Travel insurance

Travelling, for most, is about relaxing, taking time out and experiencing a new and exciting adventure. But when you have a blood cancer, planning a holiday may require you to make a few more considerations. Here, we explain how your diagnosis could affect travel insurance.

Once you have finished treatment and have recovered to an extent from your experience of diagnosis and treatment, you may want to turn your attention to going on holiday. Though you have recovered from treatment and are on your journey back to recovery, you should always consider travel insurance as part of your holiday plans.

Insurance is especially important if you are travelling to a country with high medical costs, to places outside of the European Union. As you have had cancer treatment, and are recovering from treatment, you may find it harder to get travel insurance because you are perceived to be more likely to need medical treatment abroad.

If you are planning to travel, it is important you take the time to consider insurance, and the best way to cover yourself should you need any medical treatment abroad. Some insurance providers now operate on a case by case basis instead of declining everyone who has had cancer. You may require a medical certificate to confirm you are fit enough to travel; speak to your medical team about obtaining one of these.

Many providers will only cover you for any treatment you may need as long as it is unrelated to your cancer, which could end up costing you. You will need a policy that clearly states that you will be covered should you need treatment related to your cancer. As long as you have made the insurance provider aware of your history with cancer, they know that it is possible you may need treatment because of it, and they must pay according to the policy agreement. Due to this, it is important that you know what is covered in your policy.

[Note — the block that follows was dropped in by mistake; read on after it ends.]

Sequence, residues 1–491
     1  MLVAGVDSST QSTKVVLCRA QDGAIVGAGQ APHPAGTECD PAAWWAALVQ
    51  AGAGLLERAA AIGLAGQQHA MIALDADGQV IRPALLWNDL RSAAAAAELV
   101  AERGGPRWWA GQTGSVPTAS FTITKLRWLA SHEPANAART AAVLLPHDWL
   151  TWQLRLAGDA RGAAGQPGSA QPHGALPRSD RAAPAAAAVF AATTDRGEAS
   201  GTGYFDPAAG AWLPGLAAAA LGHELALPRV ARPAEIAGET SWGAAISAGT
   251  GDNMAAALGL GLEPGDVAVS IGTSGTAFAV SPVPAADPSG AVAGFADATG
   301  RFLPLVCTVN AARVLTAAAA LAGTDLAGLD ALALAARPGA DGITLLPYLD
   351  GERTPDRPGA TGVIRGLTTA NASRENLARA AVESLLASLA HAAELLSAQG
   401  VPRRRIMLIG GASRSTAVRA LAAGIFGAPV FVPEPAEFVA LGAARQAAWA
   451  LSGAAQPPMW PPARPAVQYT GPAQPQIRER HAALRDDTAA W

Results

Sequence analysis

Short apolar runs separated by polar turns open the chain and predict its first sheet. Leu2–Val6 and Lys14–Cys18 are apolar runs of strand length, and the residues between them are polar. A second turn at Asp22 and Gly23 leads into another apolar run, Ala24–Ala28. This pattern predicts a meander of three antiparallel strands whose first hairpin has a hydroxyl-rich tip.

When you first begin looking for insurance providers for quotes, be mindful that it will depend on the type of cancer you have had. Be prepared to answer questions about your diagnosis, treatment and prognosis. Be honest with your answers and be as clear as possible about the treatment you have had, and how long you have been cancer free. If you don’t, it will affect the cover you receive should you need treatment whilst you are on holiday. Insurance providers have different policies on those who have had cancer in the past; some companies need you to be cancer free for three months, some for ten years.

The best thing you can do to ensure you are getting the best deal is to shop around and make sure you are always clear about what stage you are at with your cancer. For more information about purchasing insurance, go to:

You can find out more about travelling with a blood cancer here. 

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